Martinique: Description, Beaches, History
Martinique is truly ''a little bit of France in the Caribbean." It exudes a distinctly French ambiance in the excellence of its cuisine, the style of its population and the beauty of its language. Yet Martinique has a unique cachet all its own, an endearing West Indian warmth in its personality, a special spice in its music, its dance, its local dishes and its way of life.
The beauty of Martinique is everywhere. It can be seen in its attractive residents (population 409,000), its beaches and its spectacular topography. However, it is the lush vegetation of the "Island of Flowers" that takes your breath away. Hibiscus, frangipani, bougainvillea, anthuriums, poinsettias, orchids and exotic hardwoods are found throughout the island. There are fields rich in guava, mango and papaya as well as vast plantations of bananas, pineapple, sugarcane, cinnamon and coffee. In the tropical rainforests of Martinique, ferns grow as tall as trees and green comes in a thousand different shades.
It is also an island rich with contrasts. The northern part of Martinique features dense rain forest, mountain peaks, a volcano and dark sand beaches. The southern areas are much drier and flatter with magnificent white sand beaches. There are charming fishing villages and commercial developments, tiny guest houses and large, upscale resorts. All in all, Martinique offers something for everyone.
The capital city of Fort-de-France, built like an amphitheater around the yacht-filled harbor, is backed by luxuriant mountains and is one of the most memorable, picturesque settings in the Caribbean. It is a city of approximately 90,000, with narrow balconied streets, busy and bustling by day, generally quiet by night.
Martinique is 3275 km (1965 mi) from New York, 2450 km (1470 mi) from Miami, 3783 km (2270 mi) from Montreal, 708 km (425 mi) from San Juan and 7102 km (4261 mi) from Paris. The island covers 1105 sq km (425 sq mi), is 83 km (50 mi) long and 37 km (22 mi) wide.
The incredible beaches of Martinique come in many different varieties. On the west coast, there are numerous white sand beaches south of Fort-de-France, while the northern beaches (such as those at Carbet and St. Pierre) are darker due to their volcanic origins. On the eastern / Atlantic coast, the coastline tends to be more rugged except on the Caravelle Peninsula and at Anse Azérot, Cap Macré and Grande Anse Macabou where the waters are usually calm and inviting.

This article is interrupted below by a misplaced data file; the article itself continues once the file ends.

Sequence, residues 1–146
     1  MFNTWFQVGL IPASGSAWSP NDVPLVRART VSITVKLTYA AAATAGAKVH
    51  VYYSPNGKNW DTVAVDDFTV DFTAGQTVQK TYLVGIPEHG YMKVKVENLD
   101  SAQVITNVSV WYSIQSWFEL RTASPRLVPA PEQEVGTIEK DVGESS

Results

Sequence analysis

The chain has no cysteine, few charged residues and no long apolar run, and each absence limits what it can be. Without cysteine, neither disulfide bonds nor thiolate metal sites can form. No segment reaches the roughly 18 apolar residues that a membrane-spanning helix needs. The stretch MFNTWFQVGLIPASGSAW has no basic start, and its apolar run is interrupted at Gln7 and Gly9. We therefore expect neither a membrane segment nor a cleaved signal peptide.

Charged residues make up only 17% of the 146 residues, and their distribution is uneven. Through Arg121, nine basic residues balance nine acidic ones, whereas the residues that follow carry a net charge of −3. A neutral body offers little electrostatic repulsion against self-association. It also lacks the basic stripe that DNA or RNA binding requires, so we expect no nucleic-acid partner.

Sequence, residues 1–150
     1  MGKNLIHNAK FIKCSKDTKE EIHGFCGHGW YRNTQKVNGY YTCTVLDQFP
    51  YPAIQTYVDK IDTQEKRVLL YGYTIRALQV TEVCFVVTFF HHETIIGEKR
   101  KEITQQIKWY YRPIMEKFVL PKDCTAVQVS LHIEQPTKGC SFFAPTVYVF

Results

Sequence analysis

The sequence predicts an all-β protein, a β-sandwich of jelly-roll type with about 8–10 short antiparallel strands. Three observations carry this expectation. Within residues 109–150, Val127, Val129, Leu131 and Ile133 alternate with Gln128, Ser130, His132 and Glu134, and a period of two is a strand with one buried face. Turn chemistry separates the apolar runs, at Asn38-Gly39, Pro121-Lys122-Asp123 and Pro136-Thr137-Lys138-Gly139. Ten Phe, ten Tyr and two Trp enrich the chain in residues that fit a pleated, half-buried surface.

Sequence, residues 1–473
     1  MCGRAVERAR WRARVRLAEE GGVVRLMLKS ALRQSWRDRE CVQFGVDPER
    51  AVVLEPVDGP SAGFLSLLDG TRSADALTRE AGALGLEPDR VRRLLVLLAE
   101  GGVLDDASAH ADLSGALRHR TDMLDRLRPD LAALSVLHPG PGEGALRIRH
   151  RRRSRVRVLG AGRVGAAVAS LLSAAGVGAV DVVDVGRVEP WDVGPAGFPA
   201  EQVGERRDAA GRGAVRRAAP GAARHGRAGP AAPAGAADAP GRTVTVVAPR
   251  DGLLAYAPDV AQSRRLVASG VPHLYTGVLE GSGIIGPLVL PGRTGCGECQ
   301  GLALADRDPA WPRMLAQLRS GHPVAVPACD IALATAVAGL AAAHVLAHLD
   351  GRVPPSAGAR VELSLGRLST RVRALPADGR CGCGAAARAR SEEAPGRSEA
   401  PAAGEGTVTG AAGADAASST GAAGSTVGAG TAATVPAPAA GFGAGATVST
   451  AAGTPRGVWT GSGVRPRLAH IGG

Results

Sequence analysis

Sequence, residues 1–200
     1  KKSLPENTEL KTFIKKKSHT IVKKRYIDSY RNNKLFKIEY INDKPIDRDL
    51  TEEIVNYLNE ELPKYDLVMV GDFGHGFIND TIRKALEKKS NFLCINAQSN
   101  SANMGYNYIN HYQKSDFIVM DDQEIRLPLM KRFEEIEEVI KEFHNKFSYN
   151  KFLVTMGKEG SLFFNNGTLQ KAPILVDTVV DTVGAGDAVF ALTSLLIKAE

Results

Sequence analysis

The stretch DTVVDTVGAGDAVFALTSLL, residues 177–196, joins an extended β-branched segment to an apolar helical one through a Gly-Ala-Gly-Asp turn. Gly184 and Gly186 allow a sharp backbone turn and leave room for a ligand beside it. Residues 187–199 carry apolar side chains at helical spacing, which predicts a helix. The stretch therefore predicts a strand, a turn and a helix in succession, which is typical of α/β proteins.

The famous Plage des Salines is in the south, a short drive from Ste. Anne, with tall coconut palms and a mile of dazzling white sand. During the summer holidays and weekends, it is often busy with families and children; during the week, it is usually quiet and less crowded. Other lovely Martinique beaches in the south include those at Ste. Anne, Ste. Luce, Cap Chevalier, Le Diamant (with the famous Diamond Rock offshore) and Anses d'Arlets.
There are no designated clothing-optional beaches on Martinique, although topless sunning and swimming is common at hotel pools and beaches near hotels. Public beaches do not as a rule have changing cabins or showers. Some hotels charge non-guests for the use of lockers and changing cabanas.
A BRIEF HISTORY
Columbus sighted Martinique in 1493, but did not go ashore until another voyage in 1502. At that time, the island was inhabited by the Carib Indians who had already exterminated the Arawaks. Originally known as Madinina, Columbus renamed the island Martinica in honor of St. Martin.
The French arrived to claim the island and begin permanent settlement there in 1635. They began to cultivate sugar cane and import slaves from Africa. As forests were cleared to make room for sugar plantations, fierce battles with the Carib Indians ensued. With the treaty of 1660, the Caribs agreed to occupy only the Atlantic side of Martinique. This peace was short-lived, however, and they were exterminated or forced off the island shortly thereafter.
The English occupied the island in 1782 but returned it the following year in exchange for Canada. They invaded and held the island once again from 1794 to 1815, when it was finally returned to the French.
In 1830, a ship capsized in rough weather near Anse Caffard. Of the 46 bodies recovered, all but four were Africans destined for the illicit slave trade. The tragic event is honored in a moving memorial near Diamant created by local artist Laurent Valère featuring 15 massive concrete statues.
Victor Schoelcher, a French minister for overseas possessions, convinced the government to sign an Emancipation Proclamation in 1848 ending slavery in the French West Indies.
On March 8, 1902, came the most devastating natural disaster in Caribbean history; the Mont Pelée volcano erupted, destroying the city of St. Pierre and claiming the lives of all but one of its 30,000 inhabitants. As a result, the capital of Martinique was permanently moved to Fort-de-France.
Photo © 2013 Gerald Hill / Used by Permission
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